How the elements move me
We often think of water as that embryonic fluid that holds us on all sides. Fire speaks of red chili peppers and that ability to burn, and hurt. Yet water can cause destruction by its mass and fire can work like Shiva, making way for the new.
In my life both forces are strong, with a Pitta nature, balanced by my Vata tendencies that just make me too quick when a bit of earth could ground and comfort. Not that I lack compassion but that becomes part of what I feel without a means to hold in what I could or should.
I find yoga is my water, the soothing way it eases tension out and calm in. I slow down. I breathe with awareness. I go inside in a way that allows me to be. In yoga there are no hurricanes or floods, (unless I count the way teacher trainings can rock my boat.) I have learned to listen to the ebb and flow of feelings. Tides can be strong, waves can be overwhelming but on my surfboard mat I ride when I do fall off, the landing is easy. I may get choked up but I always find my way back to the crest of the wave. The next wave may be smaller or bigger but I never give up. Tenacity, in my book, is a virtue. Tenacity is my staff, or in this realm, sand.
The sands may shift but I always know it is there. It gives me the floor to stand on so I can get back into my seat, into asana that gives me perspective, and is my livelihood and dharma.
Dharma is how I live
My life is informed by choices I make. Trust me, in my 53 years if there was a mistake to be made I made it. The freshness comes in the fact that I keep learning, maybe not the first time or the second or even the third. Eventually I catch on. My husband has next to nothing in common with those that paved the way to allow me the maturity and insight to have a healthy relationship with boundaries with someone who has no need or desire to treat me with anything but respect.
Yoga continues to teach me respect, to honor my faults and to understand their flip side is often my strength. I don’t have many party tricks when it comes to asana. I started doing yoga in 1997, three times a week then. I could barely touch my knees. Yet yoga is so much more than asana. Yoga is like the sun that is always in the sky somewhere, giving life to life. Yoga is not a hurricane. Yoga as water is like a spring rain that may sparkle out a rainbow.
Poetry on the other hand is my moon. Poetry channels the fire that fuels my spirit whereas yoga feeds my heart. Poetry is my first love and I remain faithful. My muse is always near. Poetry is a moment in time. I process what hurts and celebrate its pulse. I don’t write the poem really. The poem leads me. Image and lyric move across a blank page.
I find answers. I usually don’t even know what I am asking and I never know the end until the poem resolves itself. I take my hurt and joy and plant it with tips of my fingers as if digging into tilled soil to place a seed with a faith that the plant will grow, even if I don’t.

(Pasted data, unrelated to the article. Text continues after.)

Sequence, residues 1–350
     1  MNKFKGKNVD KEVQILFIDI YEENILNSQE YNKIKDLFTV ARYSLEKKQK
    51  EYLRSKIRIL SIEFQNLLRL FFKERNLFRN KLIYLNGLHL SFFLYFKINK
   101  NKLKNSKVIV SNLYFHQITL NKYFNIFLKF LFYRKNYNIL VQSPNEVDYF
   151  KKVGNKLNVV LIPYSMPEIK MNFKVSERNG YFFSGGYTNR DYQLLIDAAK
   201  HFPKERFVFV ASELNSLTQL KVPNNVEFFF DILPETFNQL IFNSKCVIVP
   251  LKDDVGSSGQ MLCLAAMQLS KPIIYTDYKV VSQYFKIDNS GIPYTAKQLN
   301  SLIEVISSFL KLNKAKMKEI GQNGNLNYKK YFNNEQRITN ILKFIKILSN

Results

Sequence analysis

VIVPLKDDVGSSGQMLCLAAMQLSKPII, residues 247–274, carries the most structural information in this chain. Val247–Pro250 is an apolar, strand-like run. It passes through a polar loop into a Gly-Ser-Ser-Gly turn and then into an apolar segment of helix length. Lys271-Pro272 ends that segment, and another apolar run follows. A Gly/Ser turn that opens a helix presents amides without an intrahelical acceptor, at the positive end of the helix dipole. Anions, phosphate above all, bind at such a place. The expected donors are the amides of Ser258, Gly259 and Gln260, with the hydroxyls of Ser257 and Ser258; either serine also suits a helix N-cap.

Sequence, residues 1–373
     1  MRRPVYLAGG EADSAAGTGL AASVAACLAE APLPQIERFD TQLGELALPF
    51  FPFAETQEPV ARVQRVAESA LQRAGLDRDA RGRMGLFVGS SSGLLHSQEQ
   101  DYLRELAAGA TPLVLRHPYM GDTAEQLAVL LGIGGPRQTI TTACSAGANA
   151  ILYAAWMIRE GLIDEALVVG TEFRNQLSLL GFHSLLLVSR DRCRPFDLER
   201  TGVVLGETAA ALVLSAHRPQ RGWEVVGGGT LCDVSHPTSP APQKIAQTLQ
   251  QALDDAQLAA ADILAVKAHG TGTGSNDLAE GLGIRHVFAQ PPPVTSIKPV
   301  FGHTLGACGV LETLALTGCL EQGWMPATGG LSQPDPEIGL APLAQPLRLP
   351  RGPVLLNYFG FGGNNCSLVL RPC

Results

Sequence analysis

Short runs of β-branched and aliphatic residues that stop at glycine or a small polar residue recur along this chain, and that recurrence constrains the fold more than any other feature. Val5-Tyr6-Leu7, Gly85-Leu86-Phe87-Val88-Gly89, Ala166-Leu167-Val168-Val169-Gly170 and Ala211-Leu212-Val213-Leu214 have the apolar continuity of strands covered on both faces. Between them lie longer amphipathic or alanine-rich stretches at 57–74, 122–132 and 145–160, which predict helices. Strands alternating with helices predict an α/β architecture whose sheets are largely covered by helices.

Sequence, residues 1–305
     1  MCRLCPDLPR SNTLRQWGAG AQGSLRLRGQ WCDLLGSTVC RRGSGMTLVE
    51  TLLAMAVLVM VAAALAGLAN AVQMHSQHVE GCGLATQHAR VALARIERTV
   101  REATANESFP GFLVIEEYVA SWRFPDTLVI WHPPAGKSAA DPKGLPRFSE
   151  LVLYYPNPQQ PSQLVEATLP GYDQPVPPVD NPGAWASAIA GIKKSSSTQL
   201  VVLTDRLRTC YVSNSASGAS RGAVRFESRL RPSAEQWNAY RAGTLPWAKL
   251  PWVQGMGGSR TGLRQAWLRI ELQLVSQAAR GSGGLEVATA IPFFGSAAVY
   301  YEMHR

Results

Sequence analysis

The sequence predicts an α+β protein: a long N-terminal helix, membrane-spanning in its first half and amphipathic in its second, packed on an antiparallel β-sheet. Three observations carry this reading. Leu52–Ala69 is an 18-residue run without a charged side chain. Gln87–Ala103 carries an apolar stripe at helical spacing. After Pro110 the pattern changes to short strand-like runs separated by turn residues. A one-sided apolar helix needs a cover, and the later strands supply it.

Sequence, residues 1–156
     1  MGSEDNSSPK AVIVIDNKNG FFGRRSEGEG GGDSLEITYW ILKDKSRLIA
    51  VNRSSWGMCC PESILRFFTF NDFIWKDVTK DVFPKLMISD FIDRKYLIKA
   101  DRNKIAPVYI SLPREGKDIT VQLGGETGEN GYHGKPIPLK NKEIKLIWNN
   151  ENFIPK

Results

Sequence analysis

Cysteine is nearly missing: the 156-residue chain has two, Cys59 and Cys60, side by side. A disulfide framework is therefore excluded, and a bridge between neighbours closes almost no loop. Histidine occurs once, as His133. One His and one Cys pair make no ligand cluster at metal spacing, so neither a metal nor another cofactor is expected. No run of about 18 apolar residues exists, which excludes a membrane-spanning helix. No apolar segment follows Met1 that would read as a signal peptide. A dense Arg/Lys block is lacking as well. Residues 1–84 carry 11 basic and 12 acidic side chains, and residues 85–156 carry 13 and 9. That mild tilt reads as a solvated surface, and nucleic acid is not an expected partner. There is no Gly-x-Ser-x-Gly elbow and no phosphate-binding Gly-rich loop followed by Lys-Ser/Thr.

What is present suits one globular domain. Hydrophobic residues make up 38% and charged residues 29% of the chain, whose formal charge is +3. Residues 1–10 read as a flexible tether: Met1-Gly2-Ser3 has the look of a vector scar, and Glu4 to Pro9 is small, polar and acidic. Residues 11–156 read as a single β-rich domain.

But I do grow. The fire of poetry has the power of the moon to pull the ocean and our moods. The fire of poetry settles behind my eye when I am not looking and then when I need to find the light in the shadow or the shadow in the light, I tap away. I go to my muse with tears no one sees. I go to my muse with anger I cannot throw. I go to my muse with joy and love to celebrate grace. I go to my muse to understand.
I do yoga to settle in and to unpack what I settled. Yoga gives me a drishti in life, a focus that always gives me finer tools to create the balance I need. Yoga lets me share and connect and yoke my heart with my body, my emotions with my mind, myself with my students. Yoga cools me whereas poetry lights me up. They work together, and help me give more to me so I have more to give.
The moon and the waves, the rain and the seed, the sand and the sun, sitting here at my computer, are more real than the carpet under my feet. Truth has layers and levels; mine peel me open a little more, moment-by-moment, asana by asana. My mentor of over 30 years ago said if I lie the poem lies. If there’s no truth there’s no poem. If there’s no revelation then the writing is writing, and self–expression, but it is not poetry.
Yoga manifested for me with asana in the beginning but now is much more. Yoga is how I engage. Yoga is relationship. Yoga gives me what I need to do what I love. Yoga is my heart. If I had no heart to run the show, my spirit would not be mine, as I know it. But any Buddhist knows the idea of self is, well, an idea. I like the idea of having one. I like having a by-line. I like having a body. I like it all. I don’t know much about Tantra but I do know some schools embrace the idea of embracing the whole package, body and mind, heart and spirit, suffering and joy. There is nowhere to go. There is nothing to transcend. We have now. Yoga and poetry keep me in it, every moment.
Edie Lazenby is a full time yoga teacher, trained at City Fitness in Washington, DC, and Willow Street Yoga Center in Silver Spring, Maryland. I have been writing poetry since I was nine years old. Poetry is my first love and yoga continues to feed my heart. I write and teach because I love it. I tell my students: do it because you can. I believe in creating opportunity and in helping. I think faith is the most important gift of life, because when we lose everything else we still have that in our heart. I believe the natural state of being is happiness, or bliss, or ananda. Life is a celebration. Poetry and yoga help me celebrate.
My blog and website: www.edieyoga.wordpress.com
Editor: Kate Bartolotta
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